The mammalian immune system must be dynamic in the face of a diverse and ever-changing array of pathogens. Successful pathogens have evolved to overcome host immunity. One of the most successful pathogens in the last century is the human immunodeficiency virus (HIV), which is the etiological agent responsible for the global acquired immune deficiency syndrome (AIDS) epidemic. Currently, one of the most studied host-pathogen interactions is between the cellular anti-retroviral APOBEC3 (A3) proteins and HIV viral infectivity factor (Vif) protein. A3 proteins are cytosine deaminases that primarily inhibit retroviruses and retrotransposons by mutating cytosines to uracils in retroviral DNA during reverse transcription. When HIV Vif is present, it can bind to certain A3 proteins and recruit cellular degradation complexes to target these anti-retroviral proteins for proteasomal degradation. HIV-like viruses (lentiviruses) infect other mammals and are the inspiration for studying A3 proteins in other mammals. The ultimate goal of this comparative study was to gain a better understanding of how the lentiviral Vif protein counteracts host A3 proteins.
The first component of this dissertation is dedicated to the process of determining the complete A3 protein repertoires of cow and sheep (representatives of the artiodactyl lineage), which are both infected with a lentiviruses. The second component of this dissertation was to test if these artiodactyl A3 proteins were functional. Cow and sheep A3 proteins demonstrate intrinsic DNA cytosine deaminase activity and localize in cells similar to human A3 proteins. Furthermore, certain cow A3 proteins are capable of restricting HIV and are neutralized in the presence of cattle-specific lentiviral Vif (bovine immunodeficiency virus). The last component of this dissertation, a panel of conserved mammalian A3 proteins were tested to determine if each A3 protein interacts specifically with its species lentiviral Vif protein. It was shown that each representative host A3 protein is degraded in the presence of its species specific lentiviral Vif, suggesting a conserved interaction between mammalian A3 proteins and their species specific lentiviral Vif protein.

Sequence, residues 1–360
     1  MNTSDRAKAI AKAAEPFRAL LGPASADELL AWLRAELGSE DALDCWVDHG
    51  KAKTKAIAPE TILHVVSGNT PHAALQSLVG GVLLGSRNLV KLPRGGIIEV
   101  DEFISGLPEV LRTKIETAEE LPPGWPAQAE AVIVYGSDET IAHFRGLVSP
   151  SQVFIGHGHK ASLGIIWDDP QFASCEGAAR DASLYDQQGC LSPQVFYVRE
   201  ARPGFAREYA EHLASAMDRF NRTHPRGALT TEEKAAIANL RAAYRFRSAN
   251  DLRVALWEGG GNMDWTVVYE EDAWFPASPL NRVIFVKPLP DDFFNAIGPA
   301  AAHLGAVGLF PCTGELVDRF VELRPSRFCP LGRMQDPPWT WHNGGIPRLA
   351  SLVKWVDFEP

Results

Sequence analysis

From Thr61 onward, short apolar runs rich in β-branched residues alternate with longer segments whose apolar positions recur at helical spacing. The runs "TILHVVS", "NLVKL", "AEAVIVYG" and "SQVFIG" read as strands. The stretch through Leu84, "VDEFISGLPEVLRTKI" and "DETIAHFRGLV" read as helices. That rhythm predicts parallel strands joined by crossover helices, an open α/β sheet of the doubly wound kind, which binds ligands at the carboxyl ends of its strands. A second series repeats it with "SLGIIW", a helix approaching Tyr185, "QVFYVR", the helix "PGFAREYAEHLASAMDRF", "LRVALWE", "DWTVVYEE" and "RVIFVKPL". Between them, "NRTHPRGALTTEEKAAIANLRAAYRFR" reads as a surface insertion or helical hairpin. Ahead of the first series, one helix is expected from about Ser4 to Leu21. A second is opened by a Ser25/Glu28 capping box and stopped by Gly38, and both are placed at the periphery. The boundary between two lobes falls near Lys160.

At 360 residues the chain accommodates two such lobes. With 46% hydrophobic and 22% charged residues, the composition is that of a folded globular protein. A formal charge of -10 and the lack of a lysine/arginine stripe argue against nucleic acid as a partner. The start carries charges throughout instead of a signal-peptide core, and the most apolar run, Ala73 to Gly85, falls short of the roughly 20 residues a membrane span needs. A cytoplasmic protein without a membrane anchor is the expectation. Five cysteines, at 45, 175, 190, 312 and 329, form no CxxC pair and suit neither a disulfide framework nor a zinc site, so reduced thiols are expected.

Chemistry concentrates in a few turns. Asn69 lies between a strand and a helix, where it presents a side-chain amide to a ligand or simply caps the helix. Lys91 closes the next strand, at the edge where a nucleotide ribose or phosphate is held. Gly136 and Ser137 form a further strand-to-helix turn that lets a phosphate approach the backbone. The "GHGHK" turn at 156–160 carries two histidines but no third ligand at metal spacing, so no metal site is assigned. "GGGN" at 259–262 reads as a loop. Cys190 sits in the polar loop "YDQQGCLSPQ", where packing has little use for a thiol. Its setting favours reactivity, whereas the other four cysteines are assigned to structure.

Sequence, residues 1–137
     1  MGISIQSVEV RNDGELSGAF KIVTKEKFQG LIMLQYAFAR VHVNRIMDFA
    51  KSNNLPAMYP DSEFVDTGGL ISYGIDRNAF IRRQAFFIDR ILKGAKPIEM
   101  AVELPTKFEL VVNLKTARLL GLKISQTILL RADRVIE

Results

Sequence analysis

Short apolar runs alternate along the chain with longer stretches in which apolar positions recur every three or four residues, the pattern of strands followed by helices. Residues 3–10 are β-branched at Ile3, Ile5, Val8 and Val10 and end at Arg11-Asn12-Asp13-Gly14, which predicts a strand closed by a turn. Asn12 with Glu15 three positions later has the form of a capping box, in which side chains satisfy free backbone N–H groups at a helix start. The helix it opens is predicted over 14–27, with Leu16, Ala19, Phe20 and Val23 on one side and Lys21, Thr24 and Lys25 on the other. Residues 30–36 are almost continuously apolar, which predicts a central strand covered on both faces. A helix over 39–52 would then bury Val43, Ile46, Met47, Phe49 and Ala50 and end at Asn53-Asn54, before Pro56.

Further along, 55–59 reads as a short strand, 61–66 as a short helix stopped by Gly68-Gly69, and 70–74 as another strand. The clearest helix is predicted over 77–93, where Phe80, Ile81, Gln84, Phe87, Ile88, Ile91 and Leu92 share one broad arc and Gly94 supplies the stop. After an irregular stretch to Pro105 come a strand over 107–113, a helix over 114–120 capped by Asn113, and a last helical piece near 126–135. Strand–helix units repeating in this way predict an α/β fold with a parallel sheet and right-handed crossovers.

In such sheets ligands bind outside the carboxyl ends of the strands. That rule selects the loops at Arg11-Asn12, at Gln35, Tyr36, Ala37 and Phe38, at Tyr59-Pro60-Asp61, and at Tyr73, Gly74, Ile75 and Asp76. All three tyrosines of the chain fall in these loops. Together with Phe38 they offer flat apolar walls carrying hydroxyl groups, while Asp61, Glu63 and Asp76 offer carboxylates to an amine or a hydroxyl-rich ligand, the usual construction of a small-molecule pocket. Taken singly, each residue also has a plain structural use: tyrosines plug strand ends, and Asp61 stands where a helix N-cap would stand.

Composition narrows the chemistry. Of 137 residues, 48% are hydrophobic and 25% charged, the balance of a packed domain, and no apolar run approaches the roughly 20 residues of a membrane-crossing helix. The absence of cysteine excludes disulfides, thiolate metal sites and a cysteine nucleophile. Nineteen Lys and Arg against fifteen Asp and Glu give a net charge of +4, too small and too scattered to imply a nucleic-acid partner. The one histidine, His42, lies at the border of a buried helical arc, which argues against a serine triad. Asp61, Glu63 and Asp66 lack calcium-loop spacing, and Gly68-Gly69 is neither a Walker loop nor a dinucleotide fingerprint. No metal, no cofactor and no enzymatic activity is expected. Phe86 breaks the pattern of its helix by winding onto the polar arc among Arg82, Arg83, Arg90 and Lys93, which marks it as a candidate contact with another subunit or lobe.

UNiversity of Minnesota Ph.D. dissertation. August 2010. Major: Comparative and Molecular Biosciences. Advisor: Reuben S. Harris, Ph. D. 1 computer file (PDF); ix, 136 pages, appendix 1-2.
LaRue, Rebecca St. Claire.
Dynamics of the mammalian APOBEC3 locus and the relationship between mammalian APOBEC3 and Lentiviral Vif proteins..
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